26 May 2004

Michael Moore; hypocrite

Observer reporter Andrew Anthony recently had a chance to interview Liberal "maverick" documentarian Michael Moore. While praise for the film flows like, well, like Michael Moore himself were writing the copy, Mr. Anthony has some rather interesting observations about the director.


What I think, after my short time in his company, is that Moore is a man you would not want as an opponent, but also one you'd think twice about calling a friend. Though a talented film-maker and a clever showman, a populist who knows how to play the maverick, he is too often both big-headed and small-minded. In his desire to be seen as the decent man telling truth to power, he is too ready to blame those less powerful than himself for his shortcomings. He was justly revered in the Palais, but out on the street no one had a kind word to say about him. At Cannes, Moore may have been the star but he was not, it seems, the man of the people.

This my favorite exchange:


It is doubtless to this mission that he refers in Stupid White Men, when he writes: 'If you're white, and you really want to help change things, why not start with yourself?'

With this thought in mind, I ask him why he decided to send his daughter to a private school in Manhattan.

'Oh,' he says brightly, 'I went to private school. Just a genetic decision. My wife and I, we both went to Catholic schools, we're not public-school [which in the US means state school] people.

So it's not important.

'No, I think it's important and the first five years she went to public school, then we moved to New York and we went to see the local public school and we walked through a metal detector and we said, "We're not putting our child through a metal detector." We'll continue our fight to see to it that our society is such that you don't have to have a metal detector at the entrance to schools. But our daughter is not the one to be sacrificed to make things better. And so she went to a school two blocks away. She just went to the nearest other school.'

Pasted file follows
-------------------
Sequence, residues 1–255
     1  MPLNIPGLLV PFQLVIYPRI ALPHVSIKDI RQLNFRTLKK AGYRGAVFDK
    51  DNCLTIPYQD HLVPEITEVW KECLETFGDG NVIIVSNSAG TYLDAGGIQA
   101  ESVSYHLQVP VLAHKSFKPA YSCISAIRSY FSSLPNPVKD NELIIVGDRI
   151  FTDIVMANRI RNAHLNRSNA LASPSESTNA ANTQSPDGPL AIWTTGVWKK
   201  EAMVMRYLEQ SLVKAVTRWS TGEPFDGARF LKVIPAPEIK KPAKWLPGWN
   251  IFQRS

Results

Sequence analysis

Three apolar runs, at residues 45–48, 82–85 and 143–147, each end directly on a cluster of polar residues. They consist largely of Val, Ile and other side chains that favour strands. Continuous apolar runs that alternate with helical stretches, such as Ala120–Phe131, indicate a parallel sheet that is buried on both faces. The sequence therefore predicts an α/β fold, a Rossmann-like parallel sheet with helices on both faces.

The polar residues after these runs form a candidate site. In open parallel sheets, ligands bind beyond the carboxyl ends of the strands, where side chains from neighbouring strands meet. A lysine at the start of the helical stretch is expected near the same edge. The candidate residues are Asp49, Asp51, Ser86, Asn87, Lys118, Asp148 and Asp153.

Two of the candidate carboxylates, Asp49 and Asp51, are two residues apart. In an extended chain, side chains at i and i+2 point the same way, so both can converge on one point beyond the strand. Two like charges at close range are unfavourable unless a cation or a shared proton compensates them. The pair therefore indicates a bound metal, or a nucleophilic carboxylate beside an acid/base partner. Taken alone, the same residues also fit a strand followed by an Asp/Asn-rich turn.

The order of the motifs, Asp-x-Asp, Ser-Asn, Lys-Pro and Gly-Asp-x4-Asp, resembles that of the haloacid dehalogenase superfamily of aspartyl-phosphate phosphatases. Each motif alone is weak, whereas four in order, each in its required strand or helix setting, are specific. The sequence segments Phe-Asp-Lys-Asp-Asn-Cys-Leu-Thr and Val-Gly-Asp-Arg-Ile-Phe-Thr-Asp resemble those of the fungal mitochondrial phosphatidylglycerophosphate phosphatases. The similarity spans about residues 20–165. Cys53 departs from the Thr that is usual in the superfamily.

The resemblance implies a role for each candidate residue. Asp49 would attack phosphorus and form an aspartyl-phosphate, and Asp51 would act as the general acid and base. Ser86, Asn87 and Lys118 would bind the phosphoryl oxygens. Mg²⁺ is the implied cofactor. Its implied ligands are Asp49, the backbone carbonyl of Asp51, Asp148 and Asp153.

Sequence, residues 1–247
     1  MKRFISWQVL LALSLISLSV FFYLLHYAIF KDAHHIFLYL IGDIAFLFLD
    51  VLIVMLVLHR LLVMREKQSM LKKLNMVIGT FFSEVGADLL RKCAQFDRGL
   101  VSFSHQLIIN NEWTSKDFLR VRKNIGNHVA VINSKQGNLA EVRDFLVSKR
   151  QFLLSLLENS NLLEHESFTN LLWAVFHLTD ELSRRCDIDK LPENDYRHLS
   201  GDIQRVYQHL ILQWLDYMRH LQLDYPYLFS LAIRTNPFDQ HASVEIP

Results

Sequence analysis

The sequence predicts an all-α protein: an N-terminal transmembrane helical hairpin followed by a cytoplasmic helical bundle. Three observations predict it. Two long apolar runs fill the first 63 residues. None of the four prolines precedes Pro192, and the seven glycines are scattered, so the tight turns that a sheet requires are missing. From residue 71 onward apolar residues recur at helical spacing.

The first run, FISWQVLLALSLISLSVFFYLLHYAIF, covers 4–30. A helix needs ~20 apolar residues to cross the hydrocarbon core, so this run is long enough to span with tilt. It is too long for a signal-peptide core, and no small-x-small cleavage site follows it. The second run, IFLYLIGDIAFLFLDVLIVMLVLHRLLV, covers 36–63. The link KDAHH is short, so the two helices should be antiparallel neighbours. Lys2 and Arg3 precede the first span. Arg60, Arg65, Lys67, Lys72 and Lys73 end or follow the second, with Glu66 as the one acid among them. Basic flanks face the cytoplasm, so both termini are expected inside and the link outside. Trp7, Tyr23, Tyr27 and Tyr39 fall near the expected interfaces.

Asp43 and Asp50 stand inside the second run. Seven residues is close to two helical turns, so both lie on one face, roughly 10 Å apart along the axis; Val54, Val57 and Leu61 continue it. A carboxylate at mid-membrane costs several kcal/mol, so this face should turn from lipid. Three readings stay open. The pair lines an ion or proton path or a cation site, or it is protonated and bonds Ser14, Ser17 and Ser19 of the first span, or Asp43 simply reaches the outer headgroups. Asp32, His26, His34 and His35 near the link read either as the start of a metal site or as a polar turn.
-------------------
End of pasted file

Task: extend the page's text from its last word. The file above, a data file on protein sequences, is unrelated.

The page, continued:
He makes it sound as if the other school was just a random choice, but private schools on the Upper West Side are all restrictively expensive, and mostly white, just as the state schools are disproportionately black.

'Is that a bad thing?' he asks rhetorically of his decision, 'I don't know. Every parent wants to do what's best for their child. Whatever I can afford, I'm going to get my kid the best education I can get.'

I suggest that, while that may be a natural instinct, it's hard to see why it's any different from the Republican philosophy of each man for himself and his family.

'I'm not a liberal. When you come from the working class and you do well enough whereby you can provide a little bit better for your family, get a decent roof over their head and send them to a good school, that's considered a good thing. If,' he emphasises, 'you're from the working class. What's bad about it is if you get to do that and then shut the door behind you so nobody else can do that.'

Of course, it's nobody's business but Moore's where he sends his child, except he makes it his business to detail the hereditary privilege of his subjects and tends to make his political arguments personal. In Fahrenheit 9/11 one of his stunts is to attempt to get Congressmen to sign their children up for the war in Iraq.



Link [via Arts & Letters Daily]

19 May 2004

IRAQI EMIGRES ON ABU GHRAIB

Interesting... I wonder if CNN knows about this?



IRAQI EMIGRES ON ABU GHRAIB: This is interesting:



n Iraqi engineer who moved to Australia in 1997 and lives in Sydney with his wife and three children. He is amazed at the gullibility of those Australians who have taken the Arab response to the photos at face value.



This sort of brutality goes on all the time, it is happening now in jails right through the Middle East, he says. But of course there are no photos. This is selective outrage.